The two most secure tokens are the hardware and disconnected tokens due to them being totally offline and held on the person. Software tokens come in at a close second, if a secure application is being used. And lastly, SMS tokens, these tokens are widely available but flawed.
For example, let’s say Jerry has a motivated attacker trying to break into his accounts. The attacker just hit the major hurdle of an SMS authentication prompt. A motivated attacker can find Jerry’s phone provider and use a SIM swapping attack. Where the telephone provider gives the attacker a SIM card that gives access to Jerry’s telephone number. The attacker can then put the SIM into a new phone and then receive the SMS token, clearing the hurdle from before. By the time Jerry gets his phone number back, it will be too late.
Its important to note, if you only are given an option to use SMS for two-factor authentication you can either use it or you can pair the account with a VOIP number like Google voice provides and have future SMS tokens sent to that number. However, you only want to use the ladder option in advanced cases as there are some risks to this. You can email me at Tristians_Forensics@fastmail.com if you have any questions on if you should use the VOIP method to close the SMS security hole.
Future Developments And How To Get Started
Some cool developments have been made recently in Multi-factor authentication like using location at the time of login. This can help companies and the user assess risk. If you saw that someone was trying to sign into your email from another country you would be suspicious and would likely take steps to change your password. Also, some developments have been made using a device’s microphone. By using ambient noise from something like a computer and phone a provider could tell if the token is in the same room as the device.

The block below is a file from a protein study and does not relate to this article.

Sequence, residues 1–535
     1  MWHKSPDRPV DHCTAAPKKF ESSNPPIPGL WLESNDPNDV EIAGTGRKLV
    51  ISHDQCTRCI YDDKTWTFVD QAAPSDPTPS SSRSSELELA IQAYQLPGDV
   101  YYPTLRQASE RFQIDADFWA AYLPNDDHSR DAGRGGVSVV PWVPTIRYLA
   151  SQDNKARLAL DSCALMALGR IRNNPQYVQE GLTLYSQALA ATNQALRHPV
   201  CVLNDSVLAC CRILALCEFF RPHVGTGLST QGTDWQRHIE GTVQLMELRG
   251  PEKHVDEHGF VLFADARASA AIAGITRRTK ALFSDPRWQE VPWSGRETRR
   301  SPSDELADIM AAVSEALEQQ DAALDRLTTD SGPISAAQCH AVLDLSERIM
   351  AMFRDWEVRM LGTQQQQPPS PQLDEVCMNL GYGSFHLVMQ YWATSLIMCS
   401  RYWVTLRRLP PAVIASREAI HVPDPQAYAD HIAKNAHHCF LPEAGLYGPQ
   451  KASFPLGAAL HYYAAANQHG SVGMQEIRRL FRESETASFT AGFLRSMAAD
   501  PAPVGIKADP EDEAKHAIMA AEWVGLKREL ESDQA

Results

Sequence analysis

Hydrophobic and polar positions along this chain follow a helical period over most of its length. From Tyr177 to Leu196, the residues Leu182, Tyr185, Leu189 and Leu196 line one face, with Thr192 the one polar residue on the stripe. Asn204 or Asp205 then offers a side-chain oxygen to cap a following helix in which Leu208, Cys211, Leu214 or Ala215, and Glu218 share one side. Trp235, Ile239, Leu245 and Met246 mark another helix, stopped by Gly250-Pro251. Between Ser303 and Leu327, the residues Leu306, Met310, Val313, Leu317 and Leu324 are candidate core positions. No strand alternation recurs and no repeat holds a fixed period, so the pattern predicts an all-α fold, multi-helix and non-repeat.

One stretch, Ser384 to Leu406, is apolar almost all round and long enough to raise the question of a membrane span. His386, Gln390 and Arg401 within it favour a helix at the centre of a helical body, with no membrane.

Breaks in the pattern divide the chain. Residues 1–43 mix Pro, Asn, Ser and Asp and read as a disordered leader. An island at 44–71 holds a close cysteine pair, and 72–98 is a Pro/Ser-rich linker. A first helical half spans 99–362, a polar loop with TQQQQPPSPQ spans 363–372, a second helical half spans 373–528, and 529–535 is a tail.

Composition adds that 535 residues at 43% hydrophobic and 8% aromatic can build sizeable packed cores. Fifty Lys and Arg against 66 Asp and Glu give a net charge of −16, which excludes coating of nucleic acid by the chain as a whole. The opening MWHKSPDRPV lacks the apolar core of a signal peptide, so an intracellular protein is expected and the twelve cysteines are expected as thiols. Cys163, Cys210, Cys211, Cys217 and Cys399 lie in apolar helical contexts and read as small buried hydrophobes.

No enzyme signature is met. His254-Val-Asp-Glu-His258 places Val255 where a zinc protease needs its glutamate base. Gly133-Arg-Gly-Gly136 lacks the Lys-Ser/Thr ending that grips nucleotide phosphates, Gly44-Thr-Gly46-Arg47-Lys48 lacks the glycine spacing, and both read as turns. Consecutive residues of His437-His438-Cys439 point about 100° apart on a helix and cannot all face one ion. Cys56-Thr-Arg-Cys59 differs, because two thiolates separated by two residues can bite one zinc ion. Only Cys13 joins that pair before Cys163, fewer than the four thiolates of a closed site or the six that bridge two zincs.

I bet you are all excited to go sign into your accounts and enable multi-factor authentication. For some, however, this may seem like a chore. So, start today by ensuring it is enabled on your email and device accounts like Microsoft, Apple, Google, etc. Next, as you sign into your various accounts make sure multi-factor authentication is enabled until all your accounts are secured.
To add extra security to your accounts and devices it is a good idea to adopt a form of multi-factor authentication. There are many types of tokens that may be used to authenticate a user. However, its important to know that some methods have security risks and kinks. Start by using a by using a software token service like “Google Authenticator” or “Authy“. While trying to stay away from SMS tokens as much as possible. With a combination of strong random passwords and multi-factor authentication you will deter most attackers.
Thank you for reading!
Let me know if you have any questions, comments, ideas, or corrections.
You can reach me at Tristians_Forensics@fastmail.com